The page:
Should the Padres attempt to bring back Wil Myers?

Credit: AP Photo

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Wil Myers is due for free agency this winter. Should the San Diego Padres bring him back? 

In December 2014, the San Diego Padres traded for Wil Myers of the Tampa Rays.

The former A.L. Rookie of the Year was acquired in a three-team deal in which the Padres parted with Trea Turner, Joe Ross, Jake Bauers, Rene Rivera, and Burch Smith. The Nationals landed Turner and Joe Ross in the deal, while the Padres acquired Myers, Jose Castillo, Gerardo Reyes, and Ryan Hanigan. Tampa walked away with Steven Souza, Travis Ott, Bauers, Smith, and Rene Rivera in the deal.

The 10-player trade was massive as the Padres reconstructed their lineup. A.J. Preller was on a mission then, and acquiring the 24-year-old Myers was undoubtedly exciting for the Padres fan base. Myers came to San Diego with uncertainty, as most determined he had yet reached his potential.

Myers arrived in San Diego and immediately struggled with health. A lingering wrist injury caused the outfielder to undergo surgery in June, and he only played in a total of 60 games, recording a .763 OPS and slugging just eight homers. The 2015 roster failed on several levels, and Myers was a part of the failure because of injury.

The 2016 season saw a vastly improved Myers make the N.L. All-Star game as the Padres’ only representative. The right-handed hitter played 149 games at first base and recorded a .994 fielding percentage as Myers only committed three errors in 1,325 chances. Myers was rewarded for his play and was granted a six-year/$84-million extension with the Padres, buying out his arbitration years. It may have been an early gesture, but Preller looked to keep the fanbase engaged in the team.

Myers played in 154 games at first base for the Padres in 2017, producing 30 homers and 20 steals while putting up a .792 OPS. He looked at lock at the position, but in February of 2018, the Padres signed Eric Hosmer to an eight-year/$144-million deal. Myers would only play 11 more games at first base through the 2021 season. The position was Hosmer’s, and the value of Myers with the bat plummeted.

(Photo by Brady Klain/Getty Images)

In two years at first base, Myers produced an OPS of .797 and .792, which were his two best years other than the 2020 Covid-shortened season in which Myers produced a .959 OPS in 55 games. Playing the outfield and some third base for the better part of the last five years, Myers has battled injuries and consistency and struggled to reach those OPS numbers.

Wil Myers is probably not an All-Star player at this point in his career. He may produce another season worthy of a nomination, but that will depend on his health and whether or not he gets ample playing time at a position for an entire season. The right-handed hitter seems to have some left in the tank, though, and it would be realistic to see Myers in the league for another three to five years.

The Padres cannot afford to pay Wil Myers top dollar this winter. If he wants a multi-year deal, paying him tens of millions per season, Myers will likely suit up elsewhere next year. A team may be interested in a long-term deal, but that remains to be seen.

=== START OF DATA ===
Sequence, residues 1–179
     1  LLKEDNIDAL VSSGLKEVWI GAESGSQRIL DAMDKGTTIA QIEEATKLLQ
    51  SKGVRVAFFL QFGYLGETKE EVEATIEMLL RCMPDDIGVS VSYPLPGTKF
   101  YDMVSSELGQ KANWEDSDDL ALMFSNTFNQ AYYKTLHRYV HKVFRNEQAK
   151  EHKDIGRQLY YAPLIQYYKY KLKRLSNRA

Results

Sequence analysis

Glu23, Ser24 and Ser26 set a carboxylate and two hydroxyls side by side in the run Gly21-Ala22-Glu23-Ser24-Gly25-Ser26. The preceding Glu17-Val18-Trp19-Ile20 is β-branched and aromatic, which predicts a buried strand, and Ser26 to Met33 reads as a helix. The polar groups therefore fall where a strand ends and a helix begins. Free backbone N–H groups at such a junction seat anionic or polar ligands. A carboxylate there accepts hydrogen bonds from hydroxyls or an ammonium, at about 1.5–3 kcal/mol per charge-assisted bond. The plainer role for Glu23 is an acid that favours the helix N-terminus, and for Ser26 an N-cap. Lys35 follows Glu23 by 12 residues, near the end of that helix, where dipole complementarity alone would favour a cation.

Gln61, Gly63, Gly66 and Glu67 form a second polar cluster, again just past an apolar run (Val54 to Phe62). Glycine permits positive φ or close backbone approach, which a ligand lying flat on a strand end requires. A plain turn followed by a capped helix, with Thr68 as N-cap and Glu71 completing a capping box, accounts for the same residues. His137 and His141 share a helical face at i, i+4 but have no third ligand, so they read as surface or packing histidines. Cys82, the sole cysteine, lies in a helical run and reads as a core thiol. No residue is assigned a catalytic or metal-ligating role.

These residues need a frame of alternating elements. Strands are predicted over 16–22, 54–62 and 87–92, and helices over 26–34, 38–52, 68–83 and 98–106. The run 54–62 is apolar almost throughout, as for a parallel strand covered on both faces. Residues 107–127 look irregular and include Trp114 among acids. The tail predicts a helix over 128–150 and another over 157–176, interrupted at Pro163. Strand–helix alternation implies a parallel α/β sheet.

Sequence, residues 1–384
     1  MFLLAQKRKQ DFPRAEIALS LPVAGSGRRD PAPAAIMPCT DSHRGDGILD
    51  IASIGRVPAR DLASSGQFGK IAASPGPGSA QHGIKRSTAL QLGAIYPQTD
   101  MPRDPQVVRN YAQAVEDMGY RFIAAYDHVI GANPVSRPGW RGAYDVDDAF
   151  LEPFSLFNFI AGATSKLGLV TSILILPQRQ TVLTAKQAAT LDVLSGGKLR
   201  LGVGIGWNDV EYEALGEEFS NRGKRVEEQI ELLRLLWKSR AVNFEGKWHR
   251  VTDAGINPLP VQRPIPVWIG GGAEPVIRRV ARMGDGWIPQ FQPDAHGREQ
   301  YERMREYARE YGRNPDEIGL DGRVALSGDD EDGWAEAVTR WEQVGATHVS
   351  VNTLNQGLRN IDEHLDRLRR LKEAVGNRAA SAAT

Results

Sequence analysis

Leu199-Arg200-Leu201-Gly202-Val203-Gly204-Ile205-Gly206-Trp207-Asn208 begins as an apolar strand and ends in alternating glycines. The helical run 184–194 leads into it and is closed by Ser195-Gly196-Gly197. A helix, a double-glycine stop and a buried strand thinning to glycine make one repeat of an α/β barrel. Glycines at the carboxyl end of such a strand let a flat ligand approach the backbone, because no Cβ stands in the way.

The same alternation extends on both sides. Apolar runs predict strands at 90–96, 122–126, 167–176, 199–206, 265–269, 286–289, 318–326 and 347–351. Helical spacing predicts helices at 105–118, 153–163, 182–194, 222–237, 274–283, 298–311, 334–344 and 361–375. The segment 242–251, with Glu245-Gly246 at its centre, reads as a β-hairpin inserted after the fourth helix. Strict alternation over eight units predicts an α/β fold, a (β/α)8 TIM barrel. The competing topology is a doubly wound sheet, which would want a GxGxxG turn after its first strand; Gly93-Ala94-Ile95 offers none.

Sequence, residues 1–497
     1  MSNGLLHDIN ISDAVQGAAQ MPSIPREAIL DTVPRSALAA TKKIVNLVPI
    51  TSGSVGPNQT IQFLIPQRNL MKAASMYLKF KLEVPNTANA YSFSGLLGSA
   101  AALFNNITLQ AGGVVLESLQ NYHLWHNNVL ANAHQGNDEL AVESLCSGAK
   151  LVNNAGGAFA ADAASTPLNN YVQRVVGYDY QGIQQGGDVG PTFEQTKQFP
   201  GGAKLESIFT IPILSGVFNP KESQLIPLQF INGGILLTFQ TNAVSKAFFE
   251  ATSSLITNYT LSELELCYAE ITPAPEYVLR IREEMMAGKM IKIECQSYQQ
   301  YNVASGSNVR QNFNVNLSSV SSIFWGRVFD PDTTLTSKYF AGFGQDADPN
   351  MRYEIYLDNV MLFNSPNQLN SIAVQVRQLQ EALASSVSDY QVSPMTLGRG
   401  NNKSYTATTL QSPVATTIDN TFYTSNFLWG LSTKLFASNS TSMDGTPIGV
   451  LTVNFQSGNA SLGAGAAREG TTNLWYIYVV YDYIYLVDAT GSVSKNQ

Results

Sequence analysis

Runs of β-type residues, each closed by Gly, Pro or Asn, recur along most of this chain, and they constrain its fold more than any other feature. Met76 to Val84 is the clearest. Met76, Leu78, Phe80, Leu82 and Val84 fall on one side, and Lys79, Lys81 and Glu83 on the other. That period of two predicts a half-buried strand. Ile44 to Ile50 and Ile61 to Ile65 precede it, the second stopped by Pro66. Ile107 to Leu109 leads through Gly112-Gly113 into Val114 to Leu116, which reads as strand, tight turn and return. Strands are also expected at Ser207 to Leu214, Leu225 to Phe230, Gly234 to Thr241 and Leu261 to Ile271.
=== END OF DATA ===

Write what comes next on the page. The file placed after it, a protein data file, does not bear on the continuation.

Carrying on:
The San Diego Padres have an opening at first base next year as Jake Cronenworth is penciled in as the start in 2023. Josh Bell, Brandon Drury, and Myers are all free agents this winter. Bell will likely find a job elsewhere as the Padres will be hard-pressed to pay him top dollar. Brandon Drury may be of interest to San Diego, but the Padres will likely shy away from presenting him with the best deal on the market.

Watching Wil Myers play first base is fun. The 31-year-old enjoys his time at the position, and though he is slightly unorthodox, Myers is a solid first baseman. The Padres could use his services in 2023 and beyond. But what kind of deal would it take to secure Myers?

Heading into the winter, there should be some demand for Myers. A team will likely entertain bringing the slugger into camp with the vision that he has one or two solid years left. If a team is willing to spend millions upon millions on Myers, the Padres will be hard-pressed to equal it. However, if Myers wants a one-year deal with incentives, there may be some interest on both sides.

The Padres also may explore attempting to bring Myers in on a two-year deal in the neighborhood of 10-12 million. That isn’t a hefty contract by any means, but San Diego may want to sell Myers on the exciting things happening in the Padres clubhouse and how he is a part if that. A sentimental Myers could take a bit of a discount to return to a place that is familiar to him. For the Padres, they can obtain a solid defender at first base with some upside. You pair Myers with a competent left-handed hitting first baseman, and you have the makings of a decent platoon.

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The bottom line is it will come down to demand for Wil Myers. The Padres will be patient and wait in the weeds to see what his actual value is on the open market. Expect the two sides to stay in communication, and if a beneficial agreement can be made for both sides, Myers may return to the Padres.

Anything can happen in this regard. A.J. Preller is always looking for ways to improve the team. He also thinks outside the box. Myers and the Padres could still enjoy some great years together in San Diego. We will see what happens this winter.

What do you say? Should the Padres explore bringing him back?

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